David Petraeus breaks his silence to HLN’s Kyra Philips. Read her full description of their conversations right here.
Editor's note: We combed through your calls, emails and posts on our social media accounts to find the five most-asked questions about David Petraeus. Then we asked Suzanne Kelly, Intelligence Correspondent for CNN, to help make sense of the scandal.
Q: Why did David Petraeus step down as CIA director when former President Clinton, who was impeached, didn’t have to?
Petraeus didn’t have to step down when he did, either, but according to a U.S. intelligence official, once the FBI told Petraeus’ boss about the investigation, Director of National Intelligence James Clapper suggested the CIA director step down.
Sources tell us that Petraeus offered his resignation to the president two days later, but that the president didn’t accept it right away, and finally did so after taking a day to think about it. Ultimately, it was Petraeus’ decision to resign.
Q: Are 30,000 emails really being reviewed currently?
There are tens of thousands of documents that in some way link Gen. John Allen to socialite Jill Kelley, and they are currently being looked at by the Pentagon’s inspector general to determine if they were appropriate in nature.
Q: What’s the connection between Petraeus and the attacks on Benghazi?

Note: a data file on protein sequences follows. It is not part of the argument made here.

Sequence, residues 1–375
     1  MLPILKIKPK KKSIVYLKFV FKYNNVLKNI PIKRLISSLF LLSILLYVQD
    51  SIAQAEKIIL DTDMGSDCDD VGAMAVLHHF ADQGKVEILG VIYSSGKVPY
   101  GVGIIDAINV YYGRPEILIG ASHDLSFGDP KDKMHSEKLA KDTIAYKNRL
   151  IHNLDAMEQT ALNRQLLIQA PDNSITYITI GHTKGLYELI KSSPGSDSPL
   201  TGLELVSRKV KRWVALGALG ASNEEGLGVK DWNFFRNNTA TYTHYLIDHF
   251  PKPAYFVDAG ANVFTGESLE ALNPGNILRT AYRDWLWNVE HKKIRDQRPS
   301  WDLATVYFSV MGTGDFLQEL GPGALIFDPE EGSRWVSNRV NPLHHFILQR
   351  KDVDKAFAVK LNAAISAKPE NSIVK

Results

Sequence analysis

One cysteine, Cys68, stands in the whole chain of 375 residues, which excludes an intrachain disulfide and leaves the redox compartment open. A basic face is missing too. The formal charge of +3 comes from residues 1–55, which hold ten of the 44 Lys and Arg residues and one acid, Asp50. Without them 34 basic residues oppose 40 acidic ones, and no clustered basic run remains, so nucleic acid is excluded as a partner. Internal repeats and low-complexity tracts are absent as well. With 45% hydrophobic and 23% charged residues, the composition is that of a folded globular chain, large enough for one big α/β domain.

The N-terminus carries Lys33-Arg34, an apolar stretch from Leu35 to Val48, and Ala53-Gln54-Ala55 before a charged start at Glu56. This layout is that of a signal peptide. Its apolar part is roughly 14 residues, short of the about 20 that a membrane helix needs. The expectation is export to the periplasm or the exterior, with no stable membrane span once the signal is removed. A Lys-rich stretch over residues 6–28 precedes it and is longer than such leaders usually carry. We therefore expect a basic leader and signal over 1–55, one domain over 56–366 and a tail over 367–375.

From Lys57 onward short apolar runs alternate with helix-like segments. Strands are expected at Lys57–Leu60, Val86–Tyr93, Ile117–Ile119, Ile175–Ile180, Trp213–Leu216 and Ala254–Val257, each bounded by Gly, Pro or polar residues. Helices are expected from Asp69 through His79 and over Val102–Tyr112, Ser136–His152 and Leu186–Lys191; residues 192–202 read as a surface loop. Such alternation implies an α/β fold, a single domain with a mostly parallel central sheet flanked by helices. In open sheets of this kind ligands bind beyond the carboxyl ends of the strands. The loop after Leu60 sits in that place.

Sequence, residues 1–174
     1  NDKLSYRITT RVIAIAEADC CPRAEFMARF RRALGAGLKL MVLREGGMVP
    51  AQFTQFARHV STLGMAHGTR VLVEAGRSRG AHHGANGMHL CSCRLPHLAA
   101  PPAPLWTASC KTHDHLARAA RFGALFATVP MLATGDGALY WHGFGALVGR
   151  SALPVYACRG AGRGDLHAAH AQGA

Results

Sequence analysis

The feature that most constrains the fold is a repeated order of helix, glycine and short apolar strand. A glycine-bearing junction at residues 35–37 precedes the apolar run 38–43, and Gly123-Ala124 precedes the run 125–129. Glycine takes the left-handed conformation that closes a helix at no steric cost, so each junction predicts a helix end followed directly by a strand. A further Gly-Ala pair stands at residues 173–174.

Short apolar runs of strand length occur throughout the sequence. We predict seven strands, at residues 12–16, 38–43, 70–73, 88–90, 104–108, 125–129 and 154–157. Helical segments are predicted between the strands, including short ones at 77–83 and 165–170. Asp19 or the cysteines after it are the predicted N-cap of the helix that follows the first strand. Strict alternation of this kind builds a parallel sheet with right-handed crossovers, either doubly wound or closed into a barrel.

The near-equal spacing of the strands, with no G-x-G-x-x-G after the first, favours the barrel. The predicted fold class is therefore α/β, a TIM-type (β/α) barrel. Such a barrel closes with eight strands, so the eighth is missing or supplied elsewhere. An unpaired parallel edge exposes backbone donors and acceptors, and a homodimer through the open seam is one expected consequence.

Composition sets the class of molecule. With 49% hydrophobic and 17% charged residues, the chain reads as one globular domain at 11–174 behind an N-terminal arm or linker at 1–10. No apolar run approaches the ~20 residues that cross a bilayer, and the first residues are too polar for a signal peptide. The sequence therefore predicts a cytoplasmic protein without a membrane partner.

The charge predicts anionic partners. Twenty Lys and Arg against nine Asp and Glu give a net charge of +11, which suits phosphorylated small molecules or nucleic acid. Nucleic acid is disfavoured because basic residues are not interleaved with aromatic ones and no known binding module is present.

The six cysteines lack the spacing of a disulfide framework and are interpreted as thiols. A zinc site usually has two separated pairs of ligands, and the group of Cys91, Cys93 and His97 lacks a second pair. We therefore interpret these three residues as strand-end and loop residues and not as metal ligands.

Petraeus was head of the CIA during the time of the Benghazi attack
and traveled to Libya in the weeks after the attack to speak directly with people about what happened that night. Members of the intelligence committees feel that he has information that should be shared with them. The information that Petraeus has, of course, would have been shared with the CIA’s deputy director at the time, Michael Morell. He has since been tapped by the president to serve as the acting director and he will be answering questions on Capitol Hill on Thursday about what happened that night, what the agency knew, and when it knew it.
Q: Why should this scandal matter to Americans? What is really at stake here?
When the director of the Central Intelligence Agency steps down, Americans should obviously care. Of course, a scandal like this won’t impact the day-to-day life of most Americans the way the fiscal cliff
could, but there are important questions that still need to be answered in terms of classified information, and how it was handled. That’s a big deal.
Q: Why was Paula Broadwell harassing Jill Kelley?
A U.S. official has described the emails to CNN as being harassing in nature, and that it seemed that the person sending those emails may have been jealous. The only people, of course, who really understand the tone and intention of the emails, are the person who sent them and the person who received them. Until we know what the emails actually said (and we may never know), it’s a tough call.